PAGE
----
Publication Date: 2018-03-06
    Description: Publication date: Available online 28 February 2018 Source: American Journal of Obstetrics and Gynecology Author(s): Oded Langer Controversies persist over the most efficacious pharmacologic treatment for gestational diabetes mellitus. For purposes of accuracy in this article, the individual American College of Obstetricians and Gynecologists Practice Bulletin and American Diabetes Association Standards of Medical Care positions on each issue are quoted and then deliberated with evidence of counter claims presented in point/counterpoint. This is a review of all the relevant evidence for the most holistic picture possible. The main issues are (1) which diabetic drugs cross the placenta, (2) the quality of evidence and data source validity, (3) the rationale for the designation of glucose control as the primary outcome in gestational diabetes mellitus, and (4) which drugs (metformin, glyburide, or insulin) are most effective in improving secondary outcomes. The concept that 1 drug fits all, whether it be insulin, glyburide, or metformin, is a fallacy. Different drugs provide certain benefits but not all the benefits and not to all patients. In addition, the steps in the gestational diabetes mellitus management decision path and the current cost of the use of insulin, glyburide, or metformin are addressed. In the future, we must consider studying the potential of diabetic drugs that currently are used in nonpregnancy and incorporating the concept of precision medicine in the decision tree to maximize pregnancy outcomes.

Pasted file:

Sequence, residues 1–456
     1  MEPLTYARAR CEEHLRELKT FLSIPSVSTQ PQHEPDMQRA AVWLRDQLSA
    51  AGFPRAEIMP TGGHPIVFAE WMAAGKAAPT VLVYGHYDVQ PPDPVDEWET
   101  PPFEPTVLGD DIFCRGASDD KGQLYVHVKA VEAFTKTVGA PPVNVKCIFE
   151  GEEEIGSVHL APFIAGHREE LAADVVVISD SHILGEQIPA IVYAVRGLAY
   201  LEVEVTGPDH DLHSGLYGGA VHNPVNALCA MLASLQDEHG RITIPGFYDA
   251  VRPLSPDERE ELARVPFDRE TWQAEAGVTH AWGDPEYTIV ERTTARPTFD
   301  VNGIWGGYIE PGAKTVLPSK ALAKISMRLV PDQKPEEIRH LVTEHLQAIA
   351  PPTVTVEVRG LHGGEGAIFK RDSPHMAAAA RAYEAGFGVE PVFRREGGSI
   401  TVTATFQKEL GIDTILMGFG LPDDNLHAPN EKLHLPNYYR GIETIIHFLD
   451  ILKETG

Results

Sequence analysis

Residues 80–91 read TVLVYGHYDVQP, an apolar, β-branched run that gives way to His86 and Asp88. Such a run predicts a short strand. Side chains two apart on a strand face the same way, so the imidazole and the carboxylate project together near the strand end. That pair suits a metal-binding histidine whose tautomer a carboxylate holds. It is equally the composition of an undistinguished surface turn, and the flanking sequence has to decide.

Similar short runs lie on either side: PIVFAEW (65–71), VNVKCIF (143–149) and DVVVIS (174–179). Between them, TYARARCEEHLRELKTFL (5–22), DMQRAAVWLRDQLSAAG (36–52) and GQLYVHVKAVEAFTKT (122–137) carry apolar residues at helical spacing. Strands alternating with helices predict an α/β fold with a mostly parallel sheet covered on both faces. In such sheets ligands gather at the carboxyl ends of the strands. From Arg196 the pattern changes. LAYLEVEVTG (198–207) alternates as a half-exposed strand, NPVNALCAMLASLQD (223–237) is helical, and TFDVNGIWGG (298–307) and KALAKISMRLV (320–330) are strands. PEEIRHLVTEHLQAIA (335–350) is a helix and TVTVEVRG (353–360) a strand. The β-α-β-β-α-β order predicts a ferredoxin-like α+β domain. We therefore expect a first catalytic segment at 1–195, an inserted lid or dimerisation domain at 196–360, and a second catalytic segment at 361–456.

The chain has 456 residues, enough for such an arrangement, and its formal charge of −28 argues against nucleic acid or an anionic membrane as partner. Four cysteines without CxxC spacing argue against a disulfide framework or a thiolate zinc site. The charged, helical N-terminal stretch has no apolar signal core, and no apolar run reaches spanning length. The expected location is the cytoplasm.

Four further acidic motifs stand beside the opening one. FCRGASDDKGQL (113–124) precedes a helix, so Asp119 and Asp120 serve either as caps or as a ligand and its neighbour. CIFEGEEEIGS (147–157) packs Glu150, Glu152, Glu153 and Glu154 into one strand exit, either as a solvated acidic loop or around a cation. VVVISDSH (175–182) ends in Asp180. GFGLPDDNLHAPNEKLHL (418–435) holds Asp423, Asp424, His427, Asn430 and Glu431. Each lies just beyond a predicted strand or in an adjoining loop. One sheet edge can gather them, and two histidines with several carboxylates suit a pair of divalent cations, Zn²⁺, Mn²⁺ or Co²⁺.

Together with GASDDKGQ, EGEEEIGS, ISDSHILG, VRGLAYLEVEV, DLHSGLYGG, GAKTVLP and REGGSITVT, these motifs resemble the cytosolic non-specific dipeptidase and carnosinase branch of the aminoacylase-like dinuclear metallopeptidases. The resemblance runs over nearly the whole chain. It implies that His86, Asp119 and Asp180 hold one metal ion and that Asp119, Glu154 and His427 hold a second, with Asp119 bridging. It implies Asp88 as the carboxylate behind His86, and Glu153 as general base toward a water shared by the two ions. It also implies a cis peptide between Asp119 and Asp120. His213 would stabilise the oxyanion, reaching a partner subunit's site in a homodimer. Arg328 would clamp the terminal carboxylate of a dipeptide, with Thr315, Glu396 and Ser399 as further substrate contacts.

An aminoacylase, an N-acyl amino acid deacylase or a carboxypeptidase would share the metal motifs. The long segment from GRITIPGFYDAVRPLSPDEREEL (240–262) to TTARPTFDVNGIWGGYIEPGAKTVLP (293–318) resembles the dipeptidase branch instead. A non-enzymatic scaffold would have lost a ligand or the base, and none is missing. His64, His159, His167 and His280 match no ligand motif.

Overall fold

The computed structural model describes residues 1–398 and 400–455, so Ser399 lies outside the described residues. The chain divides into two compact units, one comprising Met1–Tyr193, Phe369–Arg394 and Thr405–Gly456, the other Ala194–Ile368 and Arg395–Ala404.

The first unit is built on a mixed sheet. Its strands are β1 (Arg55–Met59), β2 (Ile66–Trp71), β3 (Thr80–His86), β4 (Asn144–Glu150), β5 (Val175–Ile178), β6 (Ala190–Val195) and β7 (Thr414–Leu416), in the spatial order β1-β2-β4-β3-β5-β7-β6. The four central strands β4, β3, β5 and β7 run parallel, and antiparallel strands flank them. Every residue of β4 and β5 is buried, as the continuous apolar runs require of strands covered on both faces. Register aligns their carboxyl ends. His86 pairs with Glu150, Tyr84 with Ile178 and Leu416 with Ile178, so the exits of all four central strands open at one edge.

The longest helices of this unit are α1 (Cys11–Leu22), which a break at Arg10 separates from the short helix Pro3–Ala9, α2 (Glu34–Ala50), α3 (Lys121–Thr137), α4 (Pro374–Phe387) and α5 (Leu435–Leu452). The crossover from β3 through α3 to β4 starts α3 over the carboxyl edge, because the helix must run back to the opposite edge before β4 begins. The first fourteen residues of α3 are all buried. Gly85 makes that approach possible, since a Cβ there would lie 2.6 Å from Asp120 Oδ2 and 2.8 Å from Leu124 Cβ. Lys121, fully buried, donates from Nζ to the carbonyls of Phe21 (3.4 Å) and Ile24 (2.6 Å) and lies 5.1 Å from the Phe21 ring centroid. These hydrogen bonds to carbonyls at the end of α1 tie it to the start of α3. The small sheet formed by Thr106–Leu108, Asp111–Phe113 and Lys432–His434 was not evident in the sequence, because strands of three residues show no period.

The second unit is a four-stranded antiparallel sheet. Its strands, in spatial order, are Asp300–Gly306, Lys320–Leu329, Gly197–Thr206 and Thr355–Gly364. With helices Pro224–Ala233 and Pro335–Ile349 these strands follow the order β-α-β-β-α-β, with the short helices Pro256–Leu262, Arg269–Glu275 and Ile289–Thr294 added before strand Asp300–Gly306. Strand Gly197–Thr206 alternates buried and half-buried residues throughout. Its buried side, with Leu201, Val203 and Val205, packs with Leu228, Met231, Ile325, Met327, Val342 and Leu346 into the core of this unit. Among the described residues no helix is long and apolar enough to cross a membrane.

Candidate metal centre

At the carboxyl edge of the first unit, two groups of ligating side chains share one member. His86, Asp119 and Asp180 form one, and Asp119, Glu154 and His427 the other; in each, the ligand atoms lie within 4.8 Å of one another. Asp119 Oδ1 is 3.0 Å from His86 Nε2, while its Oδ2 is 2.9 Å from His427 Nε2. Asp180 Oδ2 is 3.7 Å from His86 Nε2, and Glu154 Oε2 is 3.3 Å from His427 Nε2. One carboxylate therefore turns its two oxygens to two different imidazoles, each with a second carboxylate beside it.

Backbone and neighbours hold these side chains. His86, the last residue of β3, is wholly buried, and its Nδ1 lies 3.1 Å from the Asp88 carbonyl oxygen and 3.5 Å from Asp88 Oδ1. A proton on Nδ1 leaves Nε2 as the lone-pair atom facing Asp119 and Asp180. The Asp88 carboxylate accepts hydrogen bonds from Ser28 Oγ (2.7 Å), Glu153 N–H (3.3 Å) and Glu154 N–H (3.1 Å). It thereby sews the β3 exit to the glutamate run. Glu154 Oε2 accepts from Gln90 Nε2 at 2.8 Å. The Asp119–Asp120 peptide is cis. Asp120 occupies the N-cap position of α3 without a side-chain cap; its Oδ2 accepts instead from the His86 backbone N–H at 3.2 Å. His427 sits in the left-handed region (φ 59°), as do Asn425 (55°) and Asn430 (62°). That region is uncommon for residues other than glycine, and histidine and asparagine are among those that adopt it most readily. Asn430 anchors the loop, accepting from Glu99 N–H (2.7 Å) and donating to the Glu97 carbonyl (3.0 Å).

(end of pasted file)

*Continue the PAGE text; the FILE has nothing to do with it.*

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  • 62
    Publication Date: 2018-03-06